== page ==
Strong performances from the rest of the Shady label aside, acceptance of "Shady XV" will purely depend on your acceptance of Eminem’s savant syndrome manifestation.
Fifteen years of Shady Records represents an unusual time for rap music, transitioning out of the shiny suit era and into a bubble featuring new names. Aside from D12 and Obie Trice releases, the label’s existence was mostly tied to Eminem signing a certain Queens MC. 2011 proves a critical year with the reformation of Bad Meets Evil with friend Royce da 5’9”, and the signings of the Slaughterhouse collective and Yelawolf. Given the very recent additions, it would seem somewhat premature to drop a compilation, much less going with a double disc of new and old music. Nonetheless, Shady XV gives the people what they want. But which people are those?
Jumping into the meat of the projects, Shady XV features Eminem with bars on top of bars on top of bars, over his typical acid rock influenced production. “Psychopath Killer” brings back subtle horrorcore, with half of Slaughterhouse with Yelawolf. The song also has Eminem literally detonating on the track. At some point, he stops rapping off beat, and to his own time. ”Die Alone” pulls in a Kobe hook, where he’s asked to channel the Eighties Luther Vandross. Oh, the irony.
Bad Meets Evil reunites for now-infamous “Vegas,” a carnal and frankly misogynistic experience, in which Em cannibalizes Royce, who actually comes correct when his turn comes. The track fully encapsulates the ethical conundrum of Eminem of the present day. His elite technical ability has reached past another previously unseen Mario level. However, he’s still stuck on crushing female artists, with the 'cut and sew' precision that most non-stans would love to see on a different subject (literally any other subject, besides simulated abuse of women.)
Finally providing something other than Em spazzing out, Slaughterhouse gets their time to shine over a DJ Premier beat, with “Y’all Ready Know.” An honest and emotional Shady reappears with Sia on “Guts Over Fear”:
“Learned how to harness it while the reins were off/And there was a lot of bizarre shit, but the crazy part/ Was soon as I stopped saying I gave a fuck/Haters started to appreciate my art.”
“Right for Me” displays Eminem’s complete disregard for production, which he seemingly views simply as requirement satisfaction for a rap song, proves both enthralling and problematic. The excitement lies in Em’s anaconda-like ferocity, his ability to swallow the beat whole, leaving nothing to waste. The problem is he clearly no longer cares about anyone or anything else, while he’s in the zone. He settles for nothing less than complete annihilation of everything, including the artists performing alongside him.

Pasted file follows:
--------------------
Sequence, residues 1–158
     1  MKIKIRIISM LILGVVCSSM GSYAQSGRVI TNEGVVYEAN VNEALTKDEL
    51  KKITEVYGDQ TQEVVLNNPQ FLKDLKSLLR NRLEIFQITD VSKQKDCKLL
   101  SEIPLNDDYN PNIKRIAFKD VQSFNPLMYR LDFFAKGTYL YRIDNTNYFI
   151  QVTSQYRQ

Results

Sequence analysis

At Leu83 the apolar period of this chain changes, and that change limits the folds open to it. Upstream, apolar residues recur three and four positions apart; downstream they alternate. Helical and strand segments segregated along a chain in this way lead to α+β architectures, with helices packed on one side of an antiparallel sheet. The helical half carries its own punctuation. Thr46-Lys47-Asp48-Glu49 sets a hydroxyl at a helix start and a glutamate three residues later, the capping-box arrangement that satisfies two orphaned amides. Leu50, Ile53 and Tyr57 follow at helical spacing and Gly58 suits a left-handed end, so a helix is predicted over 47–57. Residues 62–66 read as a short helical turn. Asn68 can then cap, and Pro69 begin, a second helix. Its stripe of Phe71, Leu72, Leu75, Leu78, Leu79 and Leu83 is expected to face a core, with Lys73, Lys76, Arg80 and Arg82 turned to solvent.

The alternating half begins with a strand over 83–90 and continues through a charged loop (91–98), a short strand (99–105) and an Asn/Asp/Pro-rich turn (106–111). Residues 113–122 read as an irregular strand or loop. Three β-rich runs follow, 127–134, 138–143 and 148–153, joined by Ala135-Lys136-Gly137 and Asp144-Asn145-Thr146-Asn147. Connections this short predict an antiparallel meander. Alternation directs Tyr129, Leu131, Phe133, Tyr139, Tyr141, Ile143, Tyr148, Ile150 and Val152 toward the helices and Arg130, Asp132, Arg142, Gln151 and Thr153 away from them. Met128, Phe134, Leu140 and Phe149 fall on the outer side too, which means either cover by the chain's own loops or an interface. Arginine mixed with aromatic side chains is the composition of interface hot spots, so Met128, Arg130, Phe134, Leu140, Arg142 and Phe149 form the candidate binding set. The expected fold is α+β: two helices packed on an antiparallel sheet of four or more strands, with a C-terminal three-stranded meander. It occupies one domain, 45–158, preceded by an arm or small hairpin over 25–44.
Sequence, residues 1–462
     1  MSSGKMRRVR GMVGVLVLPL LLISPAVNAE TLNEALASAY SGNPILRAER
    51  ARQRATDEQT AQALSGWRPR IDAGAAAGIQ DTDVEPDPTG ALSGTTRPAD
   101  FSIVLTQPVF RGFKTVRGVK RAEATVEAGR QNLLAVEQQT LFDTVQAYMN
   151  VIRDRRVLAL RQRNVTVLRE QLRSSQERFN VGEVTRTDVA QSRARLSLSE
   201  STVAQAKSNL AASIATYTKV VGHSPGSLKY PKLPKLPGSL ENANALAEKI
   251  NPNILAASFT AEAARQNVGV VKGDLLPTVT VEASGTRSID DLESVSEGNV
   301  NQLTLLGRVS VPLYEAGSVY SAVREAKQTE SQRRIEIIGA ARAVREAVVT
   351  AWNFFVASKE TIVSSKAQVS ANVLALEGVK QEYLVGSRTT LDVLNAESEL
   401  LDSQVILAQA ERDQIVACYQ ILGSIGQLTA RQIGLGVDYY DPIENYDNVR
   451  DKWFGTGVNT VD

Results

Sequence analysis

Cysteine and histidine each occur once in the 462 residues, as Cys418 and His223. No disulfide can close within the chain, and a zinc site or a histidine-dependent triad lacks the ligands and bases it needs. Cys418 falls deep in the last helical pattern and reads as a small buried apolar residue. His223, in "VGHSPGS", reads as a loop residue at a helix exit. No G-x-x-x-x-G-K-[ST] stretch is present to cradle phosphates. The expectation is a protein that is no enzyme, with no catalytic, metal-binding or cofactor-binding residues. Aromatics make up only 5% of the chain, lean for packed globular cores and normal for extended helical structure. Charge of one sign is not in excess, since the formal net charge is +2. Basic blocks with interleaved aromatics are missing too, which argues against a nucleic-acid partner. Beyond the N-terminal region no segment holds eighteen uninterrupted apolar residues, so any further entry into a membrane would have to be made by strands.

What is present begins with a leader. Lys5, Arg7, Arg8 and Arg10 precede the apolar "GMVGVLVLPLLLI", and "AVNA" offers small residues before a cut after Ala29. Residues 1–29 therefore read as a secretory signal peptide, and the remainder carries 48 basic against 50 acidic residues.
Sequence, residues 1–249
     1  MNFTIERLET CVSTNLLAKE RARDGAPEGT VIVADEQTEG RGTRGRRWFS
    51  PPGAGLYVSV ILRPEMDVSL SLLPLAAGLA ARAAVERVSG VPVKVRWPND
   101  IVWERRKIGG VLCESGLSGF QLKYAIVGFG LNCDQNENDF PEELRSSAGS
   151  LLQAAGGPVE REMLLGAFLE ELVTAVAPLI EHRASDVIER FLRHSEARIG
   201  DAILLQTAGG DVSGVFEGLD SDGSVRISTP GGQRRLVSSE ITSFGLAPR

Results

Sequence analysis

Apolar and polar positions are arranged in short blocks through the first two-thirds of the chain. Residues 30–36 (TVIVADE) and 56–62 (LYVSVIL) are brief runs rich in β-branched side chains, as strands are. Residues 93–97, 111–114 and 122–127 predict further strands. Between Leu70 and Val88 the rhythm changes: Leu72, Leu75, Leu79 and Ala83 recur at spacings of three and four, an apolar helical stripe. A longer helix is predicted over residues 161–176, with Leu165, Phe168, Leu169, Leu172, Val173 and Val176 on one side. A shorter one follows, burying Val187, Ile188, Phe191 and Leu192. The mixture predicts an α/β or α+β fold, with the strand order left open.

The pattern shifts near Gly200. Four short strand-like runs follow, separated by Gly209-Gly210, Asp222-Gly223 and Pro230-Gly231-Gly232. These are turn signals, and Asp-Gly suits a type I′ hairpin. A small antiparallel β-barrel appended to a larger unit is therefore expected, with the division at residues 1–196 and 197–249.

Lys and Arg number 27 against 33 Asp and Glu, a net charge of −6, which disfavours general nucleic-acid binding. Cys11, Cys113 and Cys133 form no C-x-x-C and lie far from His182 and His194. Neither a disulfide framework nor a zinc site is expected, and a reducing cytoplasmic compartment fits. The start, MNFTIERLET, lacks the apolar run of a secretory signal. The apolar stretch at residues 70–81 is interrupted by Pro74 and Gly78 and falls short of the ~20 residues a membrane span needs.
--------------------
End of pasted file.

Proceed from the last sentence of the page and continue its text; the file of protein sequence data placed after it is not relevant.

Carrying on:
This almost autistic approach begs the questioning of desired intention. Is the current version of Eminem even hip-hop, or increasingly abstract performance art with hip-hop as a base platform? Is he in discovery mode, similar to Thelonious Monk searching for lost chords and new syncopations? Is he just a raging misogynist, with nothing more to talk about (which, if he’s looking out on a world outside of the world of Marshall Mathers, seems a poor excuse on many levels)?
If “Down” was a reject from the "Love Story" sessions, Yelawolf might have something special on the way. He has flipped out that nasal, specifically Southern drawl, going with a more neutral tone. It comes back on the “Till It’s Gone,” a standout also featured on Sons of Anarchy. Mr. Porter and Kuniva pop on “Bane,” the D12 union track minus Eminem. Everyone runs down the “Detroit vs. Everybody” with a vengeance, but how do you have Dej Loaf on before Black Milk or Elzhi? (Or both.)
The “greatest hits” disc feels bloated, and largely unnecessary. Save a few deepish cuts, there’s nothing revelatory to be found, unless you’ve been living under a rock. Asking fans to purchase mostly ubiquitous tracks, like “In Da Club,” stands just this side of laughable within today’s music buying climate.
Though it has some strong points in lyrical dexterity, Shady XV fails to deliver definitive answers on where the label is now, nor where it may be going in the future. The album will pacify the subset of Eminem stans – which is acceptable for the personal journey of a solo album. However, taking a celebration of fifteen years to spew “me, me, me” vomit on an increasingly diverse canvas was unnecessary. Regardless of how skilled the delivery is, if you have nothing new to say, why say anything?
“Sometimes I have to ponder why people are like (I'll stick around)/And put up with my crap so long for/What's the attraction, mama? Is it the fact that I'm a walking, talking, actual quadruple entendre/Or the pointy nose that's pointing at you, mama?/ Who knows at this point.”